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‘Handok encouraged unlicensed medical practice for pharmacists’
  • By So Jae-hyeon
  • Published 2018.10.25 15:06
  • Updated 2018.10.25 15:06
  • comments 0

Pharmaceutical firm Handok allegedly encouraged pharmacists to carry out unlicensed medical practices during its promotional activities of Souvenaid, a new drink claiming to help treat dementia patients, a civic group said Thursday.

According to Barun Medicine Institute, comprising of some 20 young physicians, Handok recently sent out a promotion report called “Dementia and Pharmacy” to healthcare professionals.

A Facebook page, titled “Souvenaid,” says that it will keep monitoring Handok’s new drink Souvenaid, on a Sunday posting.

“Pharmacies can play a role in managing dementia,” Handok’s release said. “Pharmacists are experts who understand dementia and who are capable of managing it. They can provide consultations for dementia and family support.”

The report also noted that pharmacies, where patients’ history of medications and risk factors are easily checked, could be utilized to spot symptoms of dementia at an early stage.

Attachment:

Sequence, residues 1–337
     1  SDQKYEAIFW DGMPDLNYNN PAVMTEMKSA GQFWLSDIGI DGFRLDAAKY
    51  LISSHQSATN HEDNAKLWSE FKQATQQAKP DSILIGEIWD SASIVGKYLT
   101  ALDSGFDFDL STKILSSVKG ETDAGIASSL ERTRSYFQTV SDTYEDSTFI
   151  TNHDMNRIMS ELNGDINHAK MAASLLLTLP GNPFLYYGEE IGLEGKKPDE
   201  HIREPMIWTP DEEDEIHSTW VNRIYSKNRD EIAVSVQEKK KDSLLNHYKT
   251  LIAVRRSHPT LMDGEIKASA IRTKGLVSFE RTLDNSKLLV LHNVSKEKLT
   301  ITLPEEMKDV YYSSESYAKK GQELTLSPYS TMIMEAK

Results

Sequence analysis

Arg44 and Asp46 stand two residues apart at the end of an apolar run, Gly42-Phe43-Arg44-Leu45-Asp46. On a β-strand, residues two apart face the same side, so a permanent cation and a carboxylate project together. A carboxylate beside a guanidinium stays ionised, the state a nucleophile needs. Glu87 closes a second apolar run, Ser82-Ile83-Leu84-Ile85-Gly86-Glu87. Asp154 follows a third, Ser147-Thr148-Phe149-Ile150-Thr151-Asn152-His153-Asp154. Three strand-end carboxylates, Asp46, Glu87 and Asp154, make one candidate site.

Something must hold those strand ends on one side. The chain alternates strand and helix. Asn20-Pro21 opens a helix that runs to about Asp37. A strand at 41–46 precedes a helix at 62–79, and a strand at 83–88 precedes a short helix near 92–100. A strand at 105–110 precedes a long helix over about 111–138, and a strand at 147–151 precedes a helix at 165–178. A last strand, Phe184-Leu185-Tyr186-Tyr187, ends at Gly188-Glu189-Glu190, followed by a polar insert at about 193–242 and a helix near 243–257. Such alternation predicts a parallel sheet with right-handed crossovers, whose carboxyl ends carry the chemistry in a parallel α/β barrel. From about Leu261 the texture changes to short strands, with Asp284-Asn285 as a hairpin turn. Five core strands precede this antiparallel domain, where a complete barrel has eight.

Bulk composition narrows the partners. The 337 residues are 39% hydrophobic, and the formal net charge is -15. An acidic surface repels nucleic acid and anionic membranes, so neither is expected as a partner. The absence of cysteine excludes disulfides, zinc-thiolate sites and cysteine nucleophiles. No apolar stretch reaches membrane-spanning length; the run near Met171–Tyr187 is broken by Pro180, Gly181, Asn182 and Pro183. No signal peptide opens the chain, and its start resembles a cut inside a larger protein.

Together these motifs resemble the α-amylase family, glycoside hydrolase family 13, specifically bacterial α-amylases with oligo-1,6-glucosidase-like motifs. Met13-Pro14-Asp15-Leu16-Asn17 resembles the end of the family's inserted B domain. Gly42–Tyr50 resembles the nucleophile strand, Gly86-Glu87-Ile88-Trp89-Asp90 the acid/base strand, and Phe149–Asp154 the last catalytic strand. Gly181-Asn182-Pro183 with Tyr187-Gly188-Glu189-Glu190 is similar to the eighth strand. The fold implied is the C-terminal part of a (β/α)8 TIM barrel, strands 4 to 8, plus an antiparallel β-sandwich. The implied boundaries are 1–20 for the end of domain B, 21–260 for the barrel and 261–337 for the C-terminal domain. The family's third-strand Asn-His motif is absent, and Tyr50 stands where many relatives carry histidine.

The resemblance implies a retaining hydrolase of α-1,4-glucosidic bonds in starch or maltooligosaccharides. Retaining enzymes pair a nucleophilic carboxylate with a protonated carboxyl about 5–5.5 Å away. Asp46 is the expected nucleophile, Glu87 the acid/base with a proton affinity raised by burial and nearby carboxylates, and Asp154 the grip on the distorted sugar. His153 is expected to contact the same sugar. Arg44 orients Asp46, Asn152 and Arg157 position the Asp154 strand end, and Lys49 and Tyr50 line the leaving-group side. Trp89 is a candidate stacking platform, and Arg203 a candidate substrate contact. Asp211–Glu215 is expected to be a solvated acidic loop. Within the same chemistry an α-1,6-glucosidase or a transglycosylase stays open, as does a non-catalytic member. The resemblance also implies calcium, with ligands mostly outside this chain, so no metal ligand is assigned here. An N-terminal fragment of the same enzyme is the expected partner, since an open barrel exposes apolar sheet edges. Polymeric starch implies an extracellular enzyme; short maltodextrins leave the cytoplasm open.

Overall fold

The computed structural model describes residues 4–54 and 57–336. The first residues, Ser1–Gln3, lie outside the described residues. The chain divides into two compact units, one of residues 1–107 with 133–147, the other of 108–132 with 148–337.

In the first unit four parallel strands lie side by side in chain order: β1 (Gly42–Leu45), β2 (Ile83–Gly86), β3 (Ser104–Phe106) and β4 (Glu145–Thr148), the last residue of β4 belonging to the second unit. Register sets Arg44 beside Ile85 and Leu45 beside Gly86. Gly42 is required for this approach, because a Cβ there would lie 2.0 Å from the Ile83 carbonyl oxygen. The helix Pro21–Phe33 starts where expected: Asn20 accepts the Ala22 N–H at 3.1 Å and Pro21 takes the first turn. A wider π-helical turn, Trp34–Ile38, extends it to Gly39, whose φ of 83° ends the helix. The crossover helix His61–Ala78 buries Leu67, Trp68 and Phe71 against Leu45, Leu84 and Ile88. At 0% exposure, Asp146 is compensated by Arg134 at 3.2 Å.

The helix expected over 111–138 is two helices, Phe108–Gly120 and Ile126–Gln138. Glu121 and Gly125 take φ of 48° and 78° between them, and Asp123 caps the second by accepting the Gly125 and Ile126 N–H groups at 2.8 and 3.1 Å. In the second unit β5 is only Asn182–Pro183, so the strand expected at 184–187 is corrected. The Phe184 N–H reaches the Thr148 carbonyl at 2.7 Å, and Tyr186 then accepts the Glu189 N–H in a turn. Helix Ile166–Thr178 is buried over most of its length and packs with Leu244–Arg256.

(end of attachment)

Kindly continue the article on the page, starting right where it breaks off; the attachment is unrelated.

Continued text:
Criticizing the promotion report, Barun Medicine Institute pointed out that the Medical Service Act prohibits pharmacists’ medical inquiries and diagnosis. “Handok encouraged unlicensed medical practices for pharmacists to discover dementia early through questionnaires and consultations on patients and even to diagnose,” the institute said.

Article 27 of the Medical Service Act prohibits non-medical personnel from performing medical practices.

As pharmacists are not medical personnel, any activity by a pharmacist regarding the diagnosis of dementia is in breach of the Medical Service Act, the civic group said.

A Facebook page with a title “Souvenaid” appeared, seemingly aiming to monitor excessive marketing of the medical drink.

The page provides various data and internet links to pre-work for promotion and marketing of Souvenaid, Souvenaid-promoting news reports and blogs, advertisements at medical institutions and pharmacies, “clinical effectiveness” argued by Handok, verification of the efficacy, and reasons why the product labeled disease name despite questionable efficacy.

The page asserted that expert groups silently connived at Handok’s promotion of the drink and introduced news reports until the issue appeared during the National Assembly’s audit on the healthcare-related agencies.

The page said it would keep updating latest developments in Handok’s response and outcomes from the parliamentary audit.

The Facebook page is monitoring the product, not promoting it.

Recently, the Ministry of Food and Drug Safety raised the possibility that consumers might confuse Souvenaid as a pharmaceutical product.


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